Painful Window On War
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From the third-story window of a barren government office building he now squats in as a refugee, Nasir Abdul is watching his city being destroyed. Nearly every day for the past three weeks, the Philippine military has pounded the lakeside town of Marawi with rockets and bombs as it tries to wipe out militants linked to the Islamic State group in some of the fiercest urban combat this volatile region has seen in decades. And on nearly every one of those days, Abdul has stood at the window and watched, unable to turn away from the deadly spectacle unfolding just a mile (a kilometer and a half) away. As plumes of thick black smoke wafted above the city’s minarets again Friday a day of intense skirmishes in which the army lost 13 marines Abdul stood transfixed with dozens of other displaced residents. Two helicopter gunships had just finished strafing the city, and now people were pointing toward a Vietnamera attack aircraft circling overhead.

Blasts
The plane, an OV-10 Bronco, turned and dove straight down on the city center, firing off two bombs before suddenly pulling up its nose and spiraling away. Moments later, blasts shook the city and more smoke billowed skyward. “It feels impossible that this is happening,” the 45-year-old Abdul said, as the sound of gunfire crackled in the distance. When “I see the bombings, I can’t help but cry. I can’t help but think what’s happening to my relatives, my family, my business, my house.” Three weeks after a new alliance of Islamic militants tried to seize this town in their boldest attack yet, large chunks of downtown have been reduced to ruins. Militants remain holed up in several pockets scattered around the city center, along with at least 100 civilians, including hostages the army says are being used as human shields.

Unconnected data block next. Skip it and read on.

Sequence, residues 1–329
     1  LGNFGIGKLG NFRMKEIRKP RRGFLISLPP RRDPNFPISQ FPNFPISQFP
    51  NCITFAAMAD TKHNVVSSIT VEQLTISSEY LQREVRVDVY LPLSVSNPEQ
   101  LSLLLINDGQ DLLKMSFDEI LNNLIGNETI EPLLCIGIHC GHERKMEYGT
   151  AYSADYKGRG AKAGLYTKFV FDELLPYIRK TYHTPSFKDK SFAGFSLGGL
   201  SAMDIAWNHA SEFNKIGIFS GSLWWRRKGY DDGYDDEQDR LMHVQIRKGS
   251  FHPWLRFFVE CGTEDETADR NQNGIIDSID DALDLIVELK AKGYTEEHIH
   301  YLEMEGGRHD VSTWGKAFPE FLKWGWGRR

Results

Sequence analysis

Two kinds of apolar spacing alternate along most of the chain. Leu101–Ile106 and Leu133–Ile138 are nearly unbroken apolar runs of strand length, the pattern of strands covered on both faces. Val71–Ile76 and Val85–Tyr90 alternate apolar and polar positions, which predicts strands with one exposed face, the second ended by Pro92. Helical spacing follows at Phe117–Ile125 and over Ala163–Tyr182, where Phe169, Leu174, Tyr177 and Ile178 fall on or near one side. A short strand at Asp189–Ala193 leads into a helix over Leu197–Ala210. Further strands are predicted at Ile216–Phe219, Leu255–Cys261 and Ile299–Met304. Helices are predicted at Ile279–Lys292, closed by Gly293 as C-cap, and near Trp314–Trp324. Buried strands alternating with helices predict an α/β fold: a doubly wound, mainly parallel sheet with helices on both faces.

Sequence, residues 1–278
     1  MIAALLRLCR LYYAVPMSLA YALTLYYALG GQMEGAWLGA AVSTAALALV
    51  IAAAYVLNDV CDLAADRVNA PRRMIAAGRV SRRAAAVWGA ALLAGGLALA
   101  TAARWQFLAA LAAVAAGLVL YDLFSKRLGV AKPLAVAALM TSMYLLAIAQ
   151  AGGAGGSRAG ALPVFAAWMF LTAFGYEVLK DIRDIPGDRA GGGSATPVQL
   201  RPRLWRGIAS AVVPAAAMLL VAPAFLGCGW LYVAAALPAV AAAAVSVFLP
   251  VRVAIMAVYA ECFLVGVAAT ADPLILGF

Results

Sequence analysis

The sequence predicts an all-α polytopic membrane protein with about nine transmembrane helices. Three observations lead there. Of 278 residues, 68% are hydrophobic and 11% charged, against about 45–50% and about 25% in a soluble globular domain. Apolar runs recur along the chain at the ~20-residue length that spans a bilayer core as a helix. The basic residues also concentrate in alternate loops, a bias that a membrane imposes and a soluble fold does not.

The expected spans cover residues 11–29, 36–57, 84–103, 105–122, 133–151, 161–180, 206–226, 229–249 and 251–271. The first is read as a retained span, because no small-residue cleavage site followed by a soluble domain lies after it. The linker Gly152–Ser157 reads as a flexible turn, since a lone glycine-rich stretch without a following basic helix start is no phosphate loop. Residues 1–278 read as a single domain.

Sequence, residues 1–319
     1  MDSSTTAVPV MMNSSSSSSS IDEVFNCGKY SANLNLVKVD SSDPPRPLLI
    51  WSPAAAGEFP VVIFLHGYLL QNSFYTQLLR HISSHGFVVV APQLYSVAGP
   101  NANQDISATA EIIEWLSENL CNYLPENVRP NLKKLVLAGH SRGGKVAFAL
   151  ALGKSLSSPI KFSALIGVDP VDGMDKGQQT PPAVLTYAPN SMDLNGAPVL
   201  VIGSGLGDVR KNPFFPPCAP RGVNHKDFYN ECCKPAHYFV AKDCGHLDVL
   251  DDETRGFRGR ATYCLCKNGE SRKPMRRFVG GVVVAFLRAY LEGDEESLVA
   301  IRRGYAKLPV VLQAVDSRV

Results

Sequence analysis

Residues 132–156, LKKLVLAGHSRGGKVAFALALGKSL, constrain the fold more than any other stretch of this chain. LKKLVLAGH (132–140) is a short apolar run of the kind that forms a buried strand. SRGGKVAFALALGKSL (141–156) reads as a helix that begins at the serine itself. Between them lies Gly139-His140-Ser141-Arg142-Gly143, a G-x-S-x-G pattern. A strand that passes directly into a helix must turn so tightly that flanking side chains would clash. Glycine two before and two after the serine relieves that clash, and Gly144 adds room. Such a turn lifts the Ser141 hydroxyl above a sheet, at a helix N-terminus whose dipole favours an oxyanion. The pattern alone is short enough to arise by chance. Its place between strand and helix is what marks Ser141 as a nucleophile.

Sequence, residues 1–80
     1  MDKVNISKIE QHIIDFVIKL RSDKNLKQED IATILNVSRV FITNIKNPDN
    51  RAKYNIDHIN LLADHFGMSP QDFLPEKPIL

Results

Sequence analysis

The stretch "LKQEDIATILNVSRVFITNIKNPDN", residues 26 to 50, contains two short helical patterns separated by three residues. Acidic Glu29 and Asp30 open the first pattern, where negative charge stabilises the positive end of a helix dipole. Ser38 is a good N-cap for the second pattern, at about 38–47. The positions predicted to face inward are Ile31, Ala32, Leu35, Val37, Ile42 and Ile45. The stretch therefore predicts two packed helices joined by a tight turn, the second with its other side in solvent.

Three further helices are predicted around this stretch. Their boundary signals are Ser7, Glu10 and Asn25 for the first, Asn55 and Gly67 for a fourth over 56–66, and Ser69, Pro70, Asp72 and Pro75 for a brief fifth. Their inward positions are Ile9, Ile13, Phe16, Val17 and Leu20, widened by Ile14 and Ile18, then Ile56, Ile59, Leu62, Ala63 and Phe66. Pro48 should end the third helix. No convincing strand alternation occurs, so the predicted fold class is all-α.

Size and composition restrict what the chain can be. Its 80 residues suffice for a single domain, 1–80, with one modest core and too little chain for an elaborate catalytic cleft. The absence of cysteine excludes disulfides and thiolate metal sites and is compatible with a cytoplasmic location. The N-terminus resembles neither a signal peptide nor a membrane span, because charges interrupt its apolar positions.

There is no electricity, and most of the town’s 200,000 inhabitants have fled. The military says the death toll includes at least 138 militants, 58 government troops and 29 civilians among them a teenager shot Friday as he sheltered inside a Marawi mosque. But the fighting is so intense, it’s impossible to fully recover bodies to get an accurate casualty toll. “It hurts to watch because we know people are dying with every bomb,” Abdul said. “We know a lot of people are buried under that rubble.” In related news, American spy planes are helping Filipino troops quell a nearly three-week siege by Muslim militants in a southern city where 13 Philippine marines were killed in the biggest single-day loss for government forces, officials said Saturday.

Surveillance
A US Navy aircraft provided surveillance for the local troops as the battle raged in Marawi on Friday, confirming the involvement of the US military in helping to end the urban insurrection at the request of the Philippine government, Philippine military officials said. An Associated Press journalist and photographer saw a US Navy P3 Orion plane hovering in cloudy skies above Marawi on Friday. The aircraft flew above rocket-firing Philippine helicopters that struck militant positions, causing plumes of smoke to billow skyward. “We don’t have adequate surveillance equipment, so we asked the US military for assistance.

It’s noncombat assistance,” military spokesman Brig Gen Restituto Padilla said by phone, citing a Philippine government policy that bars foreign troops from local combat.

 

SOURCE : ARABTIMES

12 Jun, 2017 1055
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